Eisenhower Library, Eisenhower papers, Whitman file
Memorandum of Discussion at the
181st Meeting of the National Security Council, Thursday,
January 21, 19541
Present at the 181st Meeting of the National Security Council were the President of the United States, presiding; the Secretary of State; the Acting Secretary of Defense; the Director, Foreign Operations Administration; the Director, Office of Defense Mobilization. The Vice President did not attend the meeting because of his absence from the city. Also present were the Secretary of the Treasury; the Attorney General (for Item 6); Mr. Morrison for the Director, Bureau of the Budget; the U.S. Representative to the United Nations; the Under Secretary of State; the Acting Secretary of the Army and Adm. Duncan for the Secretary of the Navy (for Item 4); the Chairman, Joint Chiefs of Staff; Gen. Bolte for the Chief of Staff, U.S. Army, the Chief of Staff, U.S. Air Force, and the Commandant, U.S. Marine Corps (for Item 4); Judge Barnes, Assistant Attorney General, and Mr. Herbert Hoover, Jr., Department of State (for Item 6); the Director of Central Intelligence; the Assistant to the President; Robert Cutler and C.D. Jackson, Special Assistants to the President; the Deputy Assistant to the President; the Executive Secretary, NSC; and the Deputy Executive Secretary, NSC.
There follows a summary of the discussion at the meeting and the main points taken.
1. Meeting of the Four Foreign Ministers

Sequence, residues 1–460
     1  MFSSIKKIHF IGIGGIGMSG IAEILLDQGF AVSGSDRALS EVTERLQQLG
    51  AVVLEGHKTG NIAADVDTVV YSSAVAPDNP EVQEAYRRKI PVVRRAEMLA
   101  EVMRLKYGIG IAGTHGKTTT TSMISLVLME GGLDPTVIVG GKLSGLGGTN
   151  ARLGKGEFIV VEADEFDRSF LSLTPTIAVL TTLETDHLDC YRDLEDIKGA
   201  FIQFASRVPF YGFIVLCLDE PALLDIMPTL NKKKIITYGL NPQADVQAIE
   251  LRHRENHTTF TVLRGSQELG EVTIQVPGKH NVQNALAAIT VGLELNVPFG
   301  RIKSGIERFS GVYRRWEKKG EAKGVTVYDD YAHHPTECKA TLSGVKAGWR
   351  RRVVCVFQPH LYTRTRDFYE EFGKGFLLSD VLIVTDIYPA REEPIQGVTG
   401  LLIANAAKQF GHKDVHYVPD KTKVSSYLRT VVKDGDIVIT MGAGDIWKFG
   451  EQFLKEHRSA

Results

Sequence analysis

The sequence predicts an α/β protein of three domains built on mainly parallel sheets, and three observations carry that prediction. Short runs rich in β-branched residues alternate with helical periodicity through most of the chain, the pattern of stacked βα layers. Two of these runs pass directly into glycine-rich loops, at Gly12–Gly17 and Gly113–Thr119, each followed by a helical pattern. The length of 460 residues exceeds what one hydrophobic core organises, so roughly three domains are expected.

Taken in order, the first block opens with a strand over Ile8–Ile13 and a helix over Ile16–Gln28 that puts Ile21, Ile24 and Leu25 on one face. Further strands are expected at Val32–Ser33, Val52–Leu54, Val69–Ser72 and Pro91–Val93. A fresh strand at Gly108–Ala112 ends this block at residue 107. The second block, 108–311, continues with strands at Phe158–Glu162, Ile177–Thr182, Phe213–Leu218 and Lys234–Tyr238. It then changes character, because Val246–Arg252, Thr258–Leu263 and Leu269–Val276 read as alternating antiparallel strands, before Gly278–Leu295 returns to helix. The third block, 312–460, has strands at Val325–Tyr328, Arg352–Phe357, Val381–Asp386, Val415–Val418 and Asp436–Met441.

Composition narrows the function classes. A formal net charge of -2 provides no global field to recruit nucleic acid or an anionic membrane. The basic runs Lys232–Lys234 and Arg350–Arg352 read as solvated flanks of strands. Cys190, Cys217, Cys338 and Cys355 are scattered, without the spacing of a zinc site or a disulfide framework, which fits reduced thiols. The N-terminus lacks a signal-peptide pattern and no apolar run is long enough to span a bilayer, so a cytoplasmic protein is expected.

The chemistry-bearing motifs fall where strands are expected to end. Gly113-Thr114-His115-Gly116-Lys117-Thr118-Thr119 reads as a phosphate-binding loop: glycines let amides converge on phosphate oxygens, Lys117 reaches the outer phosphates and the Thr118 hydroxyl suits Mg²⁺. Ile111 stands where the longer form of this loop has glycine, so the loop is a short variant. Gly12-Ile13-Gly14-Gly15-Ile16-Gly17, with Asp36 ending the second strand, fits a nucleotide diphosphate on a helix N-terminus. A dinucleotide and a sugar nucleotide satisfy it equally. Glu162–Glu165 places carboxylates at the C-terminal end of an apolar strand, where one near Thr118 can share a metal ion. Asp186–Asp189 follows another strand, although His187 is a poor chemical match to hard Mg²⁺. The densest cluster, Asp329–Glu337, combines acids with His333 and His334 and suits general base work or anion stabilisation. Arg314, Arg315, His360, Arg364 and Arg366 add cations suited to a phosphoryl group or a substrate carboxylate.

Secretary Dulles expressed the opinion that the forthcoming Berlin meeting would be more important in its negative than in its positive aspects. He thought that this meeting might represent the last major Soviet effort to disrupt the Western alliance and to destroy the security of Western Europe. If this effort failed, our own program would succeed. If the Soviets are successful, it would be necessary to reexamine fundamentally United States policies with regard to the EDC and NATO.
Turning to specifics, Secretary Dulles thought that if the Soviets were in the “right mood” it might prove possible to obtain a treaty for Austria and the withdrawal of the occupation forces. We would be prepared, if absolutely necessary to secure the treaty, to envisage some degree of neutralization for Austria.[Page 782]
As for Germany, Secretary Dulles thought the prospects for unification very poor. Soviet agreement to German unification would, in effect, represent an invasion of freedom deep into the Iron Curtain. Until the Soviets are prepared to extend greater freedom to Poland and Czechoslovakia, they cannot afford to permit this invasion to occur. Nevertheless, the Soviets will probably put forward some kind of package proposal for German unification, primarily designed to induce the French to abandon both EDC and their struggle in Indochina. Whether or not the French will succumb to these Soviet wiles remains to be seen. In any event, for tactical reasons Secretary Dulles said that he proposed to submerge his own personal role in the hope that France would then take a more positive part in the forthcoming conference. Thus we shall avoid the charge that France is merely the tail to the U.S. kite, and will favorably influence the French Parliament and French public opinion.
The National Security Council:
Noted an oral report by the Secretary of State on probable developments at the forthcoming meeting of the four Foreign Ministers in Berlin.
[Here follows discussion of items 2–7, United States policy on Berlin, significant world developments affecting United States security, United States objectives and courses of action with respect to Southeast Asia, United States objectives and courses of action with respect to Indonesia, United States policy toward Iran, and United States policy toward Finland.]
- Drafted on Jan. 22.↩